I saw your latest B4RN video and things look like they are really moving on, congrats it looks like its finally starting to take shape!
Posted by chris6273 over 5 years ago
I was talking about FTTC; There is still the Copper Cable from your House to the Cabinet where it is fibre.

The same way with Native ADSL, ADSL2 and ADSL2+ products its copper to the exchange where it is Fibre.

Both methods have fibre and copper in it so it seems wrong to call FTTC Fibre Broadband, when you are connected to an MSAN with fibre on ADSL, ADSL2 and ADSL2+.
Posted by themanstan over 5 years ago
@tthom

FTTH is expensive, Hambleton was around ~6k per property. Even B4RN which uses DIY fibre is still 2.6k per property. Any company rolling out needs to make a return on the investment in the medium term, at least, nowadays. The smaller the company the shorter the ROI.
Posted by themanstan over 5 years ago
@chris6273

He was aiming his response at the other Chris (CD). But didn't make it clear.
Posted by chris6273 over 5 years ago
Ahh right, nevermind.
Posted by Somerset over 5 years ago
Craig - local authorities may be wary of investing in small companies...
Posted by GMAN99 over 5 years ago
Apologies Chris, yes I meant chris cyberdoyle :)

But as you can see FTTC is classed as fibre broadband
Posted by undecidedadrian over 5 years ago
I suppose Rutland CC went with the company who could deliver the project was also prepared to match money with it's own and it would be done in a relatively quick timeframe.

Also the 500 properties that were going to be left out are most likely to get BET or some other line technology rather than satellite or wireless.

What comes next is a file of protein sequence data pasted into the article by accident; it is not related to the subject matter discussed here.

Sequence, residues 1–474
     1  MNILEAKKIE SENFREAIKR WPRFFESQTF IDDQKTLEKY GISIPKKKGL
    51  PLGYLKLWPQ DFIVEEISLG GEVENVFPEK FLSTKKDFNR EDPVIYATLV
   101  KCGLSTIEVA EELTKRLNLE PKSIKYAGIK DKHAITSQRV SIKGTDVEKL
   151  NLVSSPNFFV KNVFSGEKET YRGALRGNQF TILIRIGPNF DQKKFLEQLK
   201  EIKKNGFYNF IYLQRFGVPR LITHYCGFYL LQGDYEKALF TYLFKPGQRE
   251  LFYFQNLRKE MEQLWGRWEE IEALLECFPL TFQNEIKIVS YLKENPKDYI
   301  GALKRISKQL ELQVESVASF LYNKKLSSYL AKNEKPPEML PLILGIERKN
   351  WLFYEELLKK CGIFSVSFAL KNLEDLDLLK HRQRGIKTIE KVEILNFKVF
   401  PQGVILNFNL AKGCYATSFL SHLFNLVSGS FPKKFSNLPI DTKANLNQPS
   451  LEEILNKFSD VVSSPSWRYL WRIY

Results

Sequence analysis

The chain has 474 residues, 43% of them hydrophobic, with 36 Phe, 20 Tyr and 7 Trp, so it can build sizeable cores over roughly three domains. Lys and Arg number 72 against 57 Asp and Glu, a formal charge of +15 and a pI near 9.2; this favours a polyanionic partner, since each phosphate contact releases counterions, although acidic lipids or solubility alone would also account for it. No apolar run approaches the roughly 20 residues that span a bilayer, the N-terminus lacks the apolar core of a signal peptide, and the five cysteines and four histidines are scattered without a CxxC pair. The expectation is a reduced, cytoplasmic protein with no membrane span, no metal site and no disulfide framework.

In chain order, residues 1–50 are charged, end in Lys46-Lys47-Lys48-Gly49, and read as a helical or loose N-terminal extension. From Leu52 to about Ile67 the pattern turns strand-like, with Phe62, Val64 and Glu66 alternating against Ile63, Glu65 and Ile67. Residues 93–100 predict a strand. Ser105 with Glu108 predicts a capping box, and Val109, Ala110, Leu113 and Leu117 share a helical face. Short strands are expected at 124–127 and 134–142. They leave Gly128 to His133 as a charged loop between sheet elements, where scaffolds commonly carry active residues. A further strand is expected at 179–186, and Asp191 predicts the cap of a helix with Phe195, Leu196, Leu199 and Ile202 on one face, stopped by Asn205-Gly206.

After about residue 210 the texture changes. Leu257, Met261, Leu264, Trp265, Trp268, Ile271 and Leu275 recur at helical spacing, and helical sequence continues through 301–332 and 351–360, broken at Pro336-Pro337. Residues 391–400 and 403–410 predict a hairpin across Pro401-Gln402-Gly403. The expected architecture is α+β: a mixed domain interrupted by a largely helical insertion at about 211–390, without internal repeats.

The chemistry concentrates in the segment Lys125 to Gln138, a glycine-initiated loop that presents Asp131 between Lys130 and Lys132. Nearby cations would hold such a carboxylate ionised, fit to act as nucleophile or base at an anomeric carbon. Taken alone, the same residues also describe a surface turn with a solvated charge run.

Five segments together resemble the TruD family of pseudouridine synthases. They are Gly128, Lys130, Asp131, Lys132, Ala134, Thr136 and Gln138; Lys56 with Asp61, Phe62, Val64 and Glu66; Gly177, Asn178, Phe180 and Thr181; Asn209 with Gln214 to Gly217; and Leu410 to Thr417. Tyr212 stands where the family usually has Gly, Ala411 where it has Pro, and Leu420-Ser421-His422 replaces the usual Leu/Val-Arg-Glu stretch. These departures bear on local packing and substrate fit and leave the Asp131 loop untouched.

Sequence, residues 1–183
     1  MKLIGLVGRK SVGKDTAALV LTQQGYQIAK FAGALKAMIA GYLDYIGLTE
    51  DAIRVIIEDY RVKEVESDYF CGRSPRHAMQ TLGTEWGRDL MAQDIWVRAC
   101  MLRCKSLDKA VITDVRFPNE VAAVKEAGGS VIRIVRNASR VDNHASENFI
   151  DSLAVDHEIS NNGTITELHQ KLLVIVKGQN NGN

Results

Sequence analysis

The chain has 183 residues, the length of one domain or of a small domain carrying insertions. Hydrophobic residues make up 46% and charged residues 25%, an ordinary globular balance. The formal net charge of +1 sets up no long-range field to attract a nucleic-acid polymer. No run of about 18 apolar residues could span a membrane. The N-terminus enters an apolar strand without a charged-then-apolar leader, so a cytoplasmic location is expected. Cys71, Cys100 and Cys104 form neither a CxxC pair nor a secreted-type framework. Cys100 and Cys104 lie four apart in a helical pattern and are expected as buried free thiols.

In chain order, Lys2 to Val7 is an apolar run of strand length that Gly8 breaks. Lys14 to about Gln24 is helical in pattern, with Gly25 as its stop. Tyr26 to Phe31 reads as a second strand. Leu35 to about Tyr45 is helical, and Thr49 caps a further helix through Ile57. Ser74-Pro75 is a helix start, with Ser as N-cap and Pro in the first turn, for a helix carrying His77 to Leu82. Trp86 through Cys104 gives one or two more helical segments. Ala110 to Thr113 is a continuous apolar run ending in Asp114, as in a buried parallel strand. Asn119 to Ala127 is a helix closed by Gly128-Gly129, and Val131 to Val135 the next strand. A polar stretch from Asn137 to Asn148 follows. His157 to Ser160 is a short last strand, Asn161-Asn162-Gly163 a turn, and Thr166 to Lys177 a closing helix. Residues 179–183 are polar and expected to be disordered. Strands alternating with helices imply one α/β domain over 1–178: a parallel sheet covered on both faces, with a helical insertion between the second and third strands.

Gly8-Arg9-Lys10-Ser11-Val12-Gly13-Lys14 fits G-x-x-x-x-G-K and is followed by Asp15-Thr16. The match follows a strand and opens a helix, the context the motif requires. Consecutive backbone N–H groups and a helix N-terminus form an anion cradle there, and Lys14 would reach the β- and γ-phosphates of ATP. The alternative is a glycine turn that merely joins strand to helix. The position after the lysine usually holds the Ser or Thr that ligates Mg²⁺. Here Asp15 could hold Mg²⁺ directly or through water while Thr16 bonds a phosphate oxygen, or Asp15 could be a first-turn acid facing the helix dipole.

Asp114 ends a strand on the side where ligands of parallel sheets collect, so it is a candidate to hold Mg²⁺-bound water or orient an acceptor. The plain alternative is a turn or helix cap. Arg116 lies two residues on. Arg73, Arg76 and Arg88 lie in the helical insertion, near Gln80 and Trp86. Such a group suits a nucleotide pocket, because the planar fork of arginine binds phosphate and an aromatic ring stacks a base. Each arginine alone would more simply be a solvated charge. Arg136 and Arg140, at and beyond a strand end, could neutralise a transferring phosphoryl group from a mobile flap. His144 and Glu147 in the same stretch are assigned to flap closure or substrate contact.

Very difficult to make a case for going with another provider.
Posted by craigbrass over 5 years ago
@Somerset: And that is worse than giving it to BT who only plan to deploy 21CN in all exchanges in Cumbria along with a VERY small sprinkling of FTTC...? No benefit for rural areas again...
Posted by andrew (Favicon staff member) over 5 years ago
@craigbrass So tell us what % of premises will get FTTC and FTTP in cumbria?

Do you really think BT is going to simply deploy ADSL2+ across the county?
Posted by New_Londoner over 5 years ago
@timmay
Quote "Yet again it looks like a council has screwed things up for a local company, giving money to the big boys."

It would be interesting whether BT or Rutland employ more people in the county, which has the most assets there, spends the most locally etc.
Posted by Michael_Chare over 5 years ago
I just hope that FTTP on demand will be reasonably priced for those that will only be offered a 2mbps service via dsl.
Posted by craigbrass over 5 years ago
@Andrew: £17m allocated to Cumbria by BDUK is nothing to BT. I have seen the tender documents. It mentions 21CNing the exchanges mainly and a very small amount of FTTC outside the major population areas (Carlisle, Penrith, Kendal, etc). No mention of FTTP. The whole exercise is an elaborate way of giving half a billion to BT without any benefit to those who truly need it.
Posted by c_j_ over 5 years ago
"Making the grants loans instead is one easy way. Hardly any EU rules on that. "

And how do you think the Daily Mail will react when (not if) they find out about that? I know there are lots of theoretical possibilities. Not all are practical.

Posted by craigbrass over 5 years ago
Surely the Daily Mail would be pleased they are LOANING half a billion rather than GIFTING half a billion...?
Posted by fastman over 5 years ago
Craig -- i woul assume that tender request a spec reuqired speed and coverage of intervention area - and it up the respndeers how to deliver that requirement whist meet the specifics set by local Authoity -- stange you make no mention of other bidders only one
Posted by craigbrass over 5 years ago
I only mention BT because they are the likely winners although I am hearing wisper CCC may give it to Fujitsu just because everyone will say it was always destined for BT. For big companies, £17m goes NOWHERE. First of all, an exchange must be 21CNed before it can be FTTCed. 21CN gives benefit to the largest number of people at least cost. £75k subsidy for each exchange to 21CN = £15m. £2m and whatever other funding CCC find to do limited FTTC costing ~£100k per install with long fibre runs. Nobody who needs it is getting anything. Simples.